Published: Sun, June 10, 2018
Worldwide | By Isabel Fisher

US Soldier Killed, 4 Wounded in Battle Against Militants in Somalia

US Soldier Killed, 4 Wounded in Battle Against Militants in Somalia

"During an operation June 8, 2018, in Jubaland, Somalia, one U.S. Special Operations member was killed and four U.S. service members and one partner force was wounded as the result of an enemy attack", U.S. Africa Command (Africom) said in a statement.

The troops had been on a mission to clear al-Shabab from contested areas as well as villages the armed group's fighters controlled "and establish a permanent combat outpost" to expand the reach of the Somali state, the U.S. military's Africa Command said.

Witnesses said the attack took place near the town of Sanguni, while the US and Somali troops were digging trenches and setting up other defenses.

An American special operations soldier has been killed in an attack in Somalia that also wounded four other U.S. military personnel and one Somali soldier. One of the wounded USA service members received sufficient medical care in the field, and the other three were medically evacuated for additional treatment.

Local al-Qaeda affiliate al-Shabaab has claimed responsibility for the attack.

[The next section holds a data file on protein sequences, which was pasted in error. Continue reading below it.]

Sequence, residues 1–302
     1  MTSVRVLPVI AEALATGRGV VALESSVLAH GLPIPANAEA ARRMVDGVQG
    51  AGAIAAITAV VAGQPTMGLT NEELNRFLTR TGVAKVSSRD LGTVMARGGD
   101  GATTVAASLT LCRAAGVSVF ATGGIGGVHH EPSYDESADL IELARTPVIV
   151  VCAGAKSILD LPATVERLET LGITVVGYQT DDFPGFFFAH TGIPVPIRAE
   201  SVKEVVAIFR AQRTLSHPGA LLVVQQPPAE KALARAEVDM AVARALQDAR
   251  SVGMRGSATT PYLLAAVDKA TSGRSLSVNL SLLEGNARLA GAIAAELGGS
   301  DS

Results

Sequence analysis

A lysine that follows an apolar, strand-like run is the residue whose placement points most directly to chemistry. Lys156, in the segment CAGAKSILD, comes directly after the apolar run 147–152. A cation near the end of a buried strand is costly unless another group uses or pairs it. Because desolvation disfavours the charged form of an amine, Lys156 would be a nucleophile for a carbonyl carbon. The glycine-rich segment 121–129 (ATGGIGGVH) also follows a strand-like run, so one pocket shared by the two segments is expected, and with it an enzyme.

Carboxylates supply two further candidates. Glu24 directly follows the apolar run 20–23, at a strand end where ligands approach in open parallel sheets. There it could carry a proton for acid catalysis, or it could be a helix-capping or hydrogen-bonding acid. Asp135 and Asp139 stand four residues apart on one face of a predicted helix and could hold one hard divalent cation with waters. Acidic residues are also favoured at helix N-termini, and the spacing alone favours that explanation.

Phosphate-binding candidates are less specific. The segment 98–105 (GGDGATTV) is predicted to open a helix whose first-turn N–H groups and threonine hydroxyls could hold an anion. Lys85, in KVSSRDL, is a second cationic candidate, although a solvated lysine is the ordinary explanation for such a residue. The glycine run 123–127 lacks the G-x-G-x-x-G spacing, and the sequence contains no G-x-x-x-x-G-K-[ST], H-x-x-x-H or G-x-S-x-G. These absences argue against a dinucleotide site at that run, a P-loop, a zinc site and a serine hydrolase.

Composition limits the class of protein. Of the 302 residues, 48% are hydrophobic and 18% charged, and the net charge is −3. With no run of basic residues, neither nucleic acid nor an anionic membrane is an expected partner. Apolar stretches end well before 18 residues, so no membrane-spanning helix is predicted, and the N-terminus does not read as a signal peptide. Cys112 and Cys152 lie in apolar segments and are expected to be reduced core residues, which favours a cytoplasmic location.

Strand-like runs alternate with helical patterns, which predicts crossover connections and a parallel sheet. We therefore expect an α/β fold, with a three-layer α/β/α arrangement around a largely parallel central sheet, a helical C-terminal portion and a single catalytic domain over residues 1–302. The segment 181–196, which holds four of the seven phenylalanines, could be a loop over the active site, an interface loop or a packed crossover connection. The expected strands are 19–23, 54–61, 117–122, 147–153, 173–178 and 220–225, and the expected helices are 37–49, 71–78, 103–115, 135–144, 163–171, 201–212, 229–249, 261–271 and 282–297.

That death was followed by an ugly confrontation between President Donald Trump, members of his staff and the widow of one of the soldiers killed.

There are now about 500 United States troops in Somalia who have been there since 2013 advising local forces battling the al Qaeda affiliate al Shabaab.

A US Africa Command statement said the four were in the care of the US embassy in Kenya, awaiting transport "for additional medical evaluation".

The Pentagon is withholding the name of the fallen soldier pending next of kin notification. The US had pulled out of the country after 1993, when two helicopters were shot down in Mogadishu and bodies of Americans were dragged through the streets. The group was blamed for the truck bombing in Mogadishu in October that killed more than 500 people and raised concerns about al-Shabaab's ability to build ever-larger explosives.

Friday's incident marked the first time a US service member has died in action in Somalia since Navy SEAL Kyle Milliken, a senior chief petty officer, was killed in May of a year ago in a firefight with al-Shabab militants. Some of al-Shabaab's top leaders have been killed in USA drone strikes, but its operations have continued in Somalia despite the resistance.

Since being pushed out of Mogadishu in 2011, the group has lost control of most of Somalia's cities and towns, but it retains a strong presence in regions outside the capital. Since 2007, Al-Shabaab has been fighting to overthrow the internationally backed government in Somalia.

The U.S. has about 1,000 special operations personnel in Africa.

A Pentagon investigation into the Niger attack, parts of which were made public last month, found multiple failures but none that directly caused the ambush by Islamic State group-linked fighters.

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